“Even when you look at technologies like 4G, delivering superfast speeds of connectivity.
“The solution is not straightforward and it will be about setting priorities at a national level. That’s not just about the government, that’s about what we as citizens consider to be a priority and we do need to prioritise connectivity as a natural resource and make the funding available so we don’t have a society that is disconnected. A connected society will deliver for Ireland,” O’Neill says.
He says that in many respects Ireland is already a hub for digital media industries when you consider Apple, Google, Microsoft, Intel, Twitter, Facebook, LinkedIn, Amazon and many others have a presence in the country.
“Also, look at the reputation we’ve achieved in the animation world and the creation of digital content. A lot of the building blocks to be successful are already here.
“The key things you’ve got to deliver as a country to take that onto the next level and truly become not just a place where those companies establish themselves but potentially our own companies, is to deliver those services but also be the destination, the ‘go to’ place for content.
“But you need people first and foremost and certainly our education system produces innovative, bright young people. But we’re not producing enough of them with the skills required by companies and that has got to be addressed.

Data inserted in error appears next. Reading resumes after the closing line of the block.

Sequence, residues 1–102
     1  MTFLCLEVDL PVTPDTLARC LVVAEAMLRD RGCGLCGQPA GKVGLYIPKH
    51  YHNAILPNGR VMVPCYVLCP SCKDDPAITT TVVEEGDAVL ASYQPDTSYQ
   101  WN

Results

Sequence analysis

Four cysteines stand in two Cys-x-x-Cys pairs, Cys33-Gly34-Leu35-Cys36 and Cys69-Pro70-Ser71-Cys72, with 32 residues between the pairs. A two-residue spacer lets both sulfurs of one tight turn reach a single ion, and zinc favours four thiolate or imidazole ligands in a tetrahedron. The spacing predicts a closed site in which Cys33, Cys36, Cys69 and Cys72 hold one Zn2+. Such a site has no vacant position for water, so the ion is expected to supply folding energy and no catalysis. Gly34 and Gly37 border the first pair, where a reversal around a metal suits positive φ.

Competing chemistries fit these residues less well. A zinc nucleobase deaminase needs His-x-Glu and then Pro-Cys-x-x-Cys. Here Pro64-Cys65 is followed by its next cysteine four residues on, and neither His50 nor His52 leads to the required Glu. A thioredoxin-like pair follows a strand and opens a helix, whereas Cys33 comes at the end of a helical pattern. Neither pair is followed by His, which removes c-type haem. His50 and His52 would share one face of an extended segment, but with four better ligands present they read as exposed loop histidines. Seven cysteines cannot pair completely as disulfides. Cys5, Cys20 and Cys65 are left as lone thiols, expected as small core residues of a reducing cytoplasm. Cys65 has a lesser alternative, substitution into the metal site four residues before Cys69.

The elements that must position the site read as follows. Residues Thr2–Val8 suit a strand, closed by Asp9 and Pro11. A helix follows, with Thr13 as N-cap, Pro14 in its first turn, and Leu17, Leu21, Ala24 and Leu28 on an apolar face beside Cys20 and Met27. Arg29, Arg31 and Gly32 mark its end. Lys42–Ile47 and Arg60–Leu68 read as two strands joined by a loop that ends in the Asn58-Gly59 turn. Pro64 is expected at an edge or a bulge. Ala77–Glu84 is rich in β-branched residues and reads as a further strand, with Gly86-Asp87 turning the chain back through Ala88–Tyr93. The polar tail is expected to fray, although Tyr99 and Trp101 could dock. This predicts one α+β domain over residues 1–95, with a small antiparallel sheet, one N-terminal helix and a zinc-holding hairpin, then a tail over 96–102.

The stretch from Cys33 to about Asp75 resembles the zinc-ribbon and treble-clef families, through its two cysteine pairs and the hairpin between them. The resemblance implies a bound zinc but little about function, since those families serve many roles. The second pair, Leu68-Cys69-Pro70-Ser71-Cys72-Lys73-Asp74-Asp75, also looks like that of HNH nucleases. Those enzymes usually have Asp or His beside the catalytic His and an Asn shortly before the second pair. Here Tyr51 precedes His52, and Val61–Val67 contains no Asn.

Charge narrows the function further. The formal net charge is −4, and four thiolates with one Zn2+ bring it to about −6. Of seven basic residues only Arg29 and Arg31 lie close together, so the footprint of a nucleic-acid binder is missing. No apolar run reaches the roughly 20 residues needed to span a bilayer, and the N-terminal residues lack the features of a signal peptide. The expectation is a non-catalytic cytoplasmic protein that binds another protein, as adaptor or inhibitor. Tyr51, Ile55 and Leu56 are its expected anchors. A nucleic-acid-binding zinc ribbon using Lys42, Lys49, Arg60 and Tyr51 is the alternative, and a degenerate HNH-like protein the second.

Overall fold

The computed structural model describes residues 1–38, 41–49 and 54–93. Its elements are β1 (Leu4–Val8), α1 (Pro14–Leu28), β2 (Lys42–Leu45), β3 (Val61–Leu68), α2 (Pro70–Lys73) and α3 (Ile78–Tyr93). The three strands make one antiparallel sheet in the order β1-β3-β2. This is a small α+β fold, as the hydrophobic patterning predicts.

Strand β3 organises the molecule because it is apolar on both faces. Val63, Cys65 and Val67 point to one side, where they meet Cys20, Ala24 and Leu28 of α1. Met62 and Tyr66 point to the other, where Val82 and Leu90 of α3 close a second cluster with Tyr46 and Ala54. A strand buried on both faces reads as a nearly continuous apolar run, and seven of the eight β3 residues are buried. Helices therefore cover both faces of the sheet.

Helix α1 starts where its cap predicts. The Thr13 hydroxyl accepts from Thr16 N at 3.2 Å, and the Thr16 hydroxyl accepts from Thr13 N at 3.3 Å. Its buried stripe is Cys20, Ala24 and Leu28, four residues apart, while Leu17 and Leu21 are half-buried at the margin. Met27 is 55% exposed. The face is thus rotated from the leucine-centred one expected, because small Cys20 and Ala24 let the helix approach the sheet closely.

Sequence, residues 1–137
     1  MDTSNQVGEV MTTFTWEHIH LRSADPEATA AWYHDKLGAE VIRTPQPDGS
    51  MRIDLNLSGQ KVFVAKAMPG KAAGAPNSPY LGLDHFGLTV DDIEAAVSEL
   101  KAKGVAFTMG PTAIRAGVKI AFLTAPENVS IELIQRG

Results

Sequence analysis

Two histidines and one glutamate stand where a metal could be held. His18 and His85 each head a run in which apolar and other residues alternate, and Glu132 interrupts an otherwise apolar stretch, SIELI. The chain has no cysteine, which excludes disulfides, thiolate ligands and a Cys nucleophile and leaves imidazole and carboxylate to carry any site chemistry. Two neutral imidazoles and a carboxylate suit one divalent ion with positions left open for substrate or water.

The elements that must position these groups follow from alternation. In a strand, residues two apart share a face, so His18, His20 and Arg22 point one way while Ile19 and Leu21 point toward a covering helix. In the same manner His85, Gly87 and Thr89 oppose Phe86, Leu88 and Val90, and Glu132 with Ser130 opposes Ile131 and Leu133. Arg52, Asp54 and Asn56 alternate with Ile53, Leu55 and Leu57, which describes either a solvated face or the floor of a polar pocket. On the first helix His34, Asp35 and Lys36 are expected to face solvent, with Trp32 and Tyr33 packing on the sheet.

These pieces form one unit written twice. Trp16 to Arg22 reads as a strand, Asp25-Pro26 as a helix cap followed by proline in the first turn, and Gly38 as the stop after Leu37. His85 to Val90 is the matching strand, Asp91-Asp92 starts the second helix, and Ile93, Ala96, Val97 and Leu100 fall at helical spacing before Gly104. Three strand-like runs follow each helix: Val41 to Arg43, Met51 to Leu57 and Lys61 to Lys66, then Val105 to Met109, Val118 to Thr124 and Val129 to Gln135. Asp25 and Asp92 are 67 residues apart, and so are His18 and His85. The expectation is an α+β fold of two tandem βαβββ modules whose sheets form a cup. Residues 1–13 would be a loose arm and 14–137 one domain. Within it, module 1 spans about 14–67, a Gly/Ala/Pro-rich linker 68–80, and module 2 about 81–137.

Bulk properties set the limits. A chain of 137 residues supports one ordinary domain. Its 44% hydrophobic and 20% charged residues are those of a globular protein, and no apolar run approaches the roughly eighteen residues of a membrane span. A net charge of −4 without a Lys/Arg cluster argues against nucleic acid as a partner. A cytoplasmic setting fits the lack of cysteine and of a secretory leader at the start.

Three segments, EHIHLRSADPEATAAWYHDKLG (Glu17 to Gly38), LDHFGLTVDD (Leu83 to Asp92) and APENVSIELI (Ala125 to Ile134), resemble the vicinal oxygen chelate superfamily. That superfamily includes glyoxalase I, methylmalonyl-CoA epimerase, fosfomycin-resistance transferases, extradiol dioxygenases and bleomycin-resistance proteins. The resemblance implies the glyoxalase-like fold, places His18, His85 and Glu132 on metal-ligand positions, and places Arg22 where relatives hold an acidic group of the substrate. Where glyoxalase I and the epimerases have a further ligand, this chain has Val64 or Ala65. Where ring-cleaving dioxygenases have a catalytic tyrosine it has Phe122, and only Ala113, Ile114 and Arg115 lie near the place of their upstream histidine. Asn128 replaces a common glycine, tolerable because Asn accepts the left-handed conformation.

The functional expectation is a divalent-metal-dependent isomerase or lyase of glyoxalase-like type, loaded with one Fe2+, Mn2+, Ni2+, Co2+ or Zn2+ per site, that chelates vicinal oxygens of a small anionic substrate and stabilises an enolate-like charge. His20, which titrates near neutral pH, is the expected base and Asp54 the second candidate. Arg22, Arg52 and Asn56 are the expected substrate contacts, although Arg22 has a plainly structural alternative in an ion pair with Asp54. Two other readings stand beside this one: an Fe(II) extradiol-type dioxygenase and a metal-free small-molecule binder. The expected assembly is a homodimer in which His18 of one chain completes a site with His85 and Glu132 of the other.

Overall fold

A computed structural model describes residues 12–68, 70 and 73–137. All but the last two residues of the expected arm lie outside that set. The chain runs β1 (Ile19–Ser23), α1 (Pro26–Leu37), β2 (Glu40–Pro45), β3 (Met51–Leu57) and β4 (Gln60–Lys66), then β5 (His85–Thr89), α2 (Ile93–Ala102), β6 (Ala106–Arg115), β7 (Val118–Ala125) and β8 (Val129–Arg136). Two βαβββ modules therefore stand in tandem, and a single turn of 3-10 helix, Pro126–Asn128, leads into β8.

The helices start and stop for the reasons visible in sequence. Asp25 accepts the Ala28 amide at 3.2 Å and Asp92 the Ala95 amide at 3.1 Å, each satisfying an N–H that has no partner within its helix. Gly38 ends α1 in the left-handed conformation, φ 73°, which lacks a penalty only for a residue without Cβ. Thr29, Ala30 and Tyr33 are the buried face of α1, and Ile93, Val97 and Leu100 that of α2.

“We also need to look at the work visa situation in order to attract in the skill sets that we need.”
O’Neill argues that Ireland has a lot of the pieces in place – particularly infrastructure – to be a key player in the global digital economy. The missing pieces are access to that infrastructure and people with the skills to thrive in the internet economy.
“We face many challenges, but we’ve a lot going for us,” he said.
Ireland’s digital leaders will be joined by international speakers to discuss Ireland’s opportunities and challenges in the age of the connected consumer, at a forum hosted by Silicon Republic on 21 September in Dublin. Digital communications expert Neville Hobson and Wired‘s editor-at-large Ben Hammersley have been confirmed as keynote speakers.
Confirmed panelists include:
- Jeroen Hoencamp, CEO, Vodafone Ireland
- Tanya Duncan, CEO, Interxion Ireland
- Múirne Laffan, managing director, RTÉ Digital
- Maurice Mortell, MD Ireland, TelecityGroup
- Colm O’Neill, CEO, BT Ireland
- Andrew Maybin, network services director, Tibus
- Daniel Adams, executive director, Communications, Media & Technology, Accenture
- Anna Scally, partner, KPMG in Ireland
Highlights from the last Digital Ireland Forum in March can be viewed here.